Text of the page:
+ Site Statistics
+ Search Articles
+ PDF Full Text Service
How our service works
Request PDF Full Text
+ Follow Us
Follow on Facebook
Follow on Twitter
Follow on LinkedIn
+ Subscribe to Site Feeds
Most Shared
PDF Full Text
+ Translate
+ Recently Requested

A simple, effective method that midwives can use to help pregnant women stop smoking



A simple, effective method that midwives can use to help pregnant women stop smoking



Journal of Nurse-Midwifery 44(2): 118-123



Recent studies suggest that few maternity care providers are offering the assistance that women need to reduce or stop smoking during pregnancy. This is probably because of a lack of conviction among providers that they can be effective, a perception that they lack counseling skills, and the absence of reimbursement for counseling and self-help materials. Midwives have strong counseling skills and materials will soon be available that can help them and others become trained smoking counselors. Thus, midwives can easily adopt the techniques that have been shown effective in reducing or stopping smoking during pregnancy. These are a 5- to 10-minute counseling session at the first prenatal visit by a trained provider plus appropriate print materials (pregnancy-specific and culturally- and reading-level-appropriate). Guiding the smoker to select a date for quitting and checking on smoking status at each visit increase the likelihood of behavior change. These techniques should increase the quit rate, over spontaneous quitting, by 10%-20%. Managed care organizations looking for ways to reduce costly hospitalizations for low birth weight infants or ambulatory care visits for smoking-related illnesses in infants and children should support this intervention. Medicaid and tobacco settlement funds are potential sources of reimbursement for counseling and educational materials.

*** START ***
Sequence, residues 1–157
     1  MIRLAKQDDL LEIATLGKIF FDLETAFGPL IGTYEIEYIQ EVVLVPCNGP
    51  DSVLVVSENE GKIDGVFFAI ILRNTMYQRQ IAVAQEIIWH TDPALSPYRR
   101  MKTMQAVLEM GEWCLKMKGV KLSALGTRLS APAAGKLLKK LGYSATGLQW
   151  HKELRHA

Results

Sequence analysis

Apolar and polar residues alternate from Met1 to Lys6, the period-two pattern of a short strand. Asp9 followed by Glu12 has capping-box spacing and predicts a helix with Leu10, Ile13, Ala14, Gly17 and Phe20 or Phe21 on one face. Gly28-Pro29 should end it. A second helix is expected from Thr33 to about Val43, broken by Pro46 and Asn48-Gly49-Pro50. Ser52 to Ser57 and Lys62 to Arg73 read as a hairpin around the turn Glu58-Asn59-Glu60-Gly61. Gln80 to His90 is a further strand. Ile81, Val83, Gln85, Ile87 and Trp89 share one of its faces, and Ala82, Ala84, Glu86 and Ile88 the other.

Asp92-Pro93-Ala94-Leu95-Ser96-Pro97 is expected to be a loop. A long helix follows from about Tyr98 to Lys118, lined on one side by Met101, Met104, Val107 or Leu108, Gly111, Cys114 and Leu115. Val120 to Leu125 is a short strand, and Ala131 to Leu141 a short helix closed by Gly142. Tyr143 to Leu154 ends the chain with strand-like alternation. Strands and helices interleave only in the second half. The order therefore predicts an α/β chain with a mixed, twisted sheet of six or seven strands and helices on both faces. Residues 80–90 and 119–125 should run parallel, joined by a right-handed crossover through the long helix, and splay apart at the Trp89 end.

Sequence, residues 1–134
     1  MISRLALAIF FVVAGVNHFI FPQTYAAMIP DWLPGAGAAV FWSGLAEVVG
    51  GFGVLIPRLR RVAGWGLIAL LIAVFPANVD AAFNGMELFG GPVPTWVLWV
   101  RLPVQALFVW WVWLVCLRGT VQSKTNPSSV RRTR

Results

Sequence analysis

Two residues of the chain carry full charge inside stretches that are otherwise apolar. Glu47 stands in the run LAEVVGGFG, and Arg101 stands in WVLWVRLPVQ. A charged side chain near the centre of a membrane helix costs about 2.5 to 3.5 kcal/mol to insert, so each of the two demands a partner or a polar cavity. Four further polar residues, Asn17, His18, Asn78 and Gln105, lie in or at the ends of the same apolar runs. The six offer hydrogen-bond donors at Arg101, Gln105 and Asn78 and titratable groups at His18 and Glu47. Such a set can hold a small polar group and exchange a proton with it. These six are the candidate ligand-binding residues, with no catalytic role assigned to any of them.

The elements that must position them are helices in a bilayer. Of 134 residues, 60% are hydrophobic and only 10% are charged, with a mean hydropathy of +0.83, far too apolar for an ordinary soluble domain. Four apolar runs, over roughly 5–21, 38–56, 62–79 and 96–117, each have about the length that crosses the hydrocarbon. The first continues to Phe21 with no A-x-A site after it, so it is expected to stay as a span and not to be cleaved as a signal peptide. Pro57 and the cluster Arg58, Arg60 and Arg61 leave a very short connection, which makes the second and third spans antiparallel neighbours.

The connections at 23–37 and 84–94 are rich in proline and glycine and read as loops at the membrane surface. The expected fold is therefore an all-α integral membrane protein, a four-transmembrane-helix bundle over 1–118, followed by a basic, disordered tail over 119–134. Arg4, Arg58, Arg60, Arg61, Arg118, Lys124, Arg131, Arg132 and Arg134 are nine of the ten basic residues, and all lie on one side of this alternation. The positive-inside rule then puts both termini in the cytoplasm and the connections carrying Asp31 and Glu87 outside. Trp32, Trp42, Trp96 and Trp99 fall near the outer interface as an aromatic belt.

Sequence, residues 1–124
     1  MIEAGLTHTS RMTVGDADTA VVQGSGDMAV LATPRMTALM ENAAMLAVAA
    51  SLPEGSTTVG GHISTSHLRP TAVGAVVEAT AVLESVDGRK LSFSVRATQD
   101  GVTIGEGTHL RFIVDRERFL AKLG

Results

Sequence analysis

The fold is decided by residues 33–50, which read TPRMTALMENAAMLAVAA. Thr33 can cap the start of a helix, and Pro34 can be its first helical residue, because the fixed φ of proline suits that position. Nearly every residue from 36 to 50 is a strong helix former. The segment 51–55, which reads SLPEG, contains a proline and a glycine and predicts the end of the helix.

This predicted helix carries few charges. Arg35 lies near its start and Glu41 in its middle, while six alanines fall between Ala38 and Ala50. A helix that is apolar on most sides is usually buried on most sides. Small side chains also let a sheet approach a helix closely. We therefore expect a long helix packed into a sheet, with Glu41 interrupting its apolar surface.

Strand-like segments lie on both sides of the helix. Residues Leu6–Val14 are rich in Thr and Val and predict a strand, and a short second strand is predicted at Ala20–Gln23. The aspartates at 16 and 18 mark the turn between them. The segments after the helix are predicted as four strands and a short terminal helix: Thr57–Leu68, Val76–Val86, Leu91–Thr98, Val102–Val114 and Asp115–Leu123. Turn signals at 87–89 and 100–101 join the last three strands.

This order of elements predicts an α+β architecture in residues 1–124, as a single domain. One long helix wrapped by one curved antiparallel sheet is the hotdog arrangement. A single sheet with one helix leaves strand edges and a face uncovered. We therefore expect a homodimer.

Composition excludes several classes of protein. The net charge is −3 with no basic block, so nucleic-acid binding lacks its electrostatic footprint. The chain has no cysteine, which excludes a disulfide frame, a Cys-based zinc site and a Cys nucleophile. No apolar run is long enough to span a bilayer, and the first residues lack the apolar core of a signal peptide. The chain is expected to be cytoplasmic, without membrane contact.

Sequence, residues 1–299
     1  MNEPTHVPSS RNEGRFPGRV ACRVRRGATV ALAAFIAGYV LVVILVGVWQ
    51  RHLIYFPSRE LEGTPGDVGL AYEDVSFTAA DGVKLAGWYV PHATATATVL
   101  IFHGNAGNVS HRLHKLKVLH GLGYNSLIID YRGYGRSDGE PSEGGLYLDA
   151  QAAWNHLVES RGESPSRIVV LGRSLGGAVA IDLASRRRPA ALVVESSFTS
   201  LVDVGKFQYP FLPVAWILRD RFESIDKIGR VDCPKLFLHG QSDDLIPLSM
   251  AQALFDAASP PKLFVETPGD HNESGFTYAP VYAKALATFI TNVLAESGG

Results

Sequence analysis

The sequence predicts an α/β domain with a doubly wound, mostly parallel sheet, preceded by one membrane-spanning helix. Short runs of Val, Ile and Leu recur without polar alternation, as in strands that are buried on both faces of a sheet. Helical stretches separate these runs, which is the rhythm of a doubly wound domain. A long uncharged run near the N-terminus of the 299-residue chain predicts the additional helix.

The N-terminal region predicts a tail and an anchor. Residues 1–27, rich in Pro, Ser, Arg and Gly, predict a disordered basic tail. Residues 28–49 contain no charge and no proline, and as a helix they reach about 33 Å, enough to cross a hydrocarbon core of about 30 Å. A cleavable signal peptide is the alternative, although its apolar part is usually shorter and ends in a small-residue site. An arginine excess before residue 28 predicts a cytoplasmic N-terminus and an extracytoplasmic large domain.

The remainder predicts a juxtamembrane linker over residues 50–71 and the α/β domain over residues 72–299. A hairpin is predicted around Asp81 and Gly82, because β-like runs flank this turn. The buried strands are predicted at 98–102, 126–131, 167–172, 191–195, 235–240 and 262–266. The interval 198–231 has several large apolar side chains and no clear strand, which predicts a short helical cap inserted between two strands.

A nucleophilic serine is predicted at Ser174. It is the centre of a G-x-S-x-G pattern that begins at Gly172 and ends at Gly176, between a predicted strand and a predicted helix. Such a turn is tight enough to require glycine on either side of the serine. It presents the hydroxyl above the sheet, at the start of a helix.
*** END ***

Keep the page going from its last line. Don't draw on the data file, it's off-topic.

Please choose payment method:






(PDF emailed within 0-6 h: $19.90)

Accession: 045112805

Download citation: RISBibTeXText

PMID: 10220966

DOI: 10.1016/s0091-2182(99)00031-2


Related references

Training midwives to help pregnant women stop smoking. Nursing Times 93(5): 64-66, 1997

Midwives' perceptions of providing stop-smoking advice and pregnant smokers' perceptions of stop-smoking services within the same deprived area of London. Journal of Midwifery and Women's Health 57(1): 67-73, 2012

Provision of smoking cessation support for pregnant women in England: results from an online survey of NHS Stop Smoking Services for Pregnant Women. Bmc Health Services Research 14: 107, 2014

What helps and hinders midwives in engaging with pregnant women about stopping smoking? A cross-sectional survey of perceived implementation difficulties among midwives in the North East of England. Implementation Science 7: 36, 2012

Supporting pregnant women to quit smoking: postal survey of New Zealand general practitioners and midwives' smoking cessation knowledge and practices. New Zealand Medical Journal 121(1270): 53-65, 2008

A model for postpartum smoking resumption prevention for women who stop smoking while pregnant. Journal of Obstetric Gynecologic and Neonatal Nursing 35(2): 215-222, 2006

Pregnant women and smoking: descriptive study and prognostic factors to stop smoking during pregnancy. Journal de Gynecologie Obstetrique et Biologie de la Reproduction 38(2): 155-160, 2009

How can we help pregnant women stop smoking?. Journal de Gynecologie Obstetrique et Biologie de la Reproduction 32(1 Suppl): 1s41-1s45, 2003

Evaluation of 'Stop Smoking in its Tracks': an intensive smoking cessation program for pregnant Aboriginal women incorporating contingency-based financial rewards. Public Health Research and Practice 28(2):, 2018

Helping pregnant women to stop smoking. Public Health Reports 100(5): Back Cover, 1985

Support for pregnant women who wish to stop smoking. Nursing Times 92(10): 36-37, 1996

Do women reduce alcohol, tea and coffee consumption, and stop smoking when pregnant? Longitudinal data from the Southampton Women's Survey. 2007

The effects of smoking cessation counseling by midwives on Dutch pregnant women and their partners. Patient Education and Counseling 63(1-2): 177-187, 2006

Possibilities for transparency and trust in the communication between midwives and pregnant women: the case of smoking. Midwifery 25(4): 382-391, 2009

Pregnant women with psychiatric illness are able to stop smoking. Nederlands Tijdschrift Voor Geneeskunde 155(35): A3887, 2012